As the holidays approach, the recipe books get dusted off. Halloween, centered around candy, passes, and as the final months of the year arrive, all thoughts turn to the comfort of pie.

Often the dessert table bears no leftovers. As the cold weather comes in, local shops To Your Health, Sweet Shoppe and Spring Garden Bakery prep for fall pies to brighten dining rooms.

Sweet Shoppe, a High Point bakery, has been turning out pies and other pastries for 72 years. The shop opened in 1946, focusing on quality baked goods. The Georgie Porgie hits off year-round — a thin layer of white cake underneath a chocolate-chess pudding and German chocolate icing. Other pies featured include their pumpkin and sweet potato.

Made from a recipe thought up in the ’70s, the sack apple pie leaves customers counting down the days until autumn. The bakery forgoes the pie tin in favor of baking the apples, picked in the North Carolina mountains, in a bag to help retain as much moisture as possible. They then top the juicy apples with a crumble of butter and sugar to finish it off.

Though reminiscent of a cobbler, the sack apple remains the star of the Sweet Shoppe show, and has been a bestseller for years. The classic taste reminds patrons of simple delights and days gone by.

In Greensboro, Spring Garden Bakery showcases an assortment of different items each day but features a few pies especially for the season. The whole pies promise freshness, as they are made to order. The shop prides itself on foot traffic and offers slices in shop the week of Thanksgiving and Christmas.

They find the most popular order to be pecan, and amp up the recipe for the cooler months with bourbon mixed into the filling, along with chocolate chips. The bourbon kicks the flavor up a notch, presenting warmth for the winter.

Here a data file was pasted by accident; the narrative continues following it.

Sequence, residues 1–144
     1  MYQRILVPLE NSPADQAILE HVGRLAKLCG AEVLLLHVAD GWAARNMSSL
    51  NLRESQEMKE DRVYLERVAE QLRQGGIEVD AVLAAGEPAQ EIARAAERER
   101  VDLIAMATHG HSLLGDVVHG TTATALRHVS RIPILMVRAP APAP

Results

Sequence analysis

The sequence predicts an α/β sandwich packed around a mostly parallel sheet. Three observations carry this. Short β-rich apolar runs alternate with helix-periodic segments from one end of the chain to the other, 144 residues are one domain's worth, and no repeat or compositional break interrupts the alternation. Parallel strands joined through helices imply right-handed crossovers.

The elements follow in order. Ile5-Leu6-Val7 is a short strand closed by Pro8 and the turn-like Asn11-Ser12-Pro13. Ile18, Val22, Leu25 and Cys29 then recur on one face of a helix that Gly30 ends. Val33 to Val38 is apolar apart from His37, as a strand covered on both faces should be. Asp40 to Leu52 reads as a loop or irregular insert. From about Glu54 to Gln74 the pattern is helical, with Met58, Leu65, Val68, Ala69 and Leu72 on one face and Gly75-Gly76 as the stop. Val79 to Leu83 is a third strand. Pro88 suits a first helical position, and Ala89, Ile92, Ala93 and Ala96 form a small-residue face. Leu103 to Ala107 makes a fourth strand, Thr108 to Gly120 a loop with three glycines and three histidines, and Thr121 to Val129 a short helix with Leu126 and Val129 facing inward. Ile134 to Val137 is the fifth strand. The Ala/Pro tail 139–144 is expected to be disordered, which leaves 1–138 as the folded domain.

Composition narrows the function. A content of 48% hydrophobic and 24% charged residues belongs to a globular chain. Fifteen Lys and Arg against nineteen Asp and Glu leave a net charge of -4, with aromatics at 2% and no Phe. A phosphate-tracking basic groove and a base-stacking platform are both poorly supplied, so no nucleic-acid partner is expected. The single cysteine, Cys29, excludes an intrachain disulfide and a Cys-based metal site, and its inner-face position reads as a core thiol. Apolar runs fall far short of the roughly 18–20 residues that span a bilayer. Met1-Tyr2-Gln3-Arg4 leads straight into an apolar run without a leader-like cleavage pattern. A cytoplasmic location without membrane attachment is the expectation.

The locally-owned family bakery offers traditional fruit pies but blends a variety for their Harvest Fruit pie. Blackberries, raspberries, blueberries and cherries come together for one of their most popular treats. The combination stands out as a timely dessert, with the spices and seasonings one would find in a pumpkin pie melding with the natural zest of the berries.

In Winston-Salem, To Your Health Bakery aims to make the table more accessible — but just as delicious — for those with dietary restrictions. Year round, the shop specializes in gluten-free and vegan treats, catering to those with allergies and sensitivities who still want to satisfy their sweet tooth.

Baker Anna Simeonides dreamed up a homerun from meshing her two childhood favorites — pumpkin and pecan. She enjoys the flavors so much she requests them for her birthday each year. The pumpkin praline pie folds pecans, candied in shop, into a creamy pumpkin filling, balancing crunchy and smooth textures.

Cranberries in a signature apple pie offer another option. The taste draws inspiration from the holiday of Thanksgiving, and cuts sugar with a bit of natural tartness.

For those who prefer non-fruit pies, the s’mores pile a homemade toasted marshmallow on top of French silk chocolate. This fall is the first time it will be available in whole pie form. Like everything else on the menu, each pie is made from scratch without additives, preservatives, or corn syrup.

It only helps that, as her co-worker said, the baker “dreams in food.”

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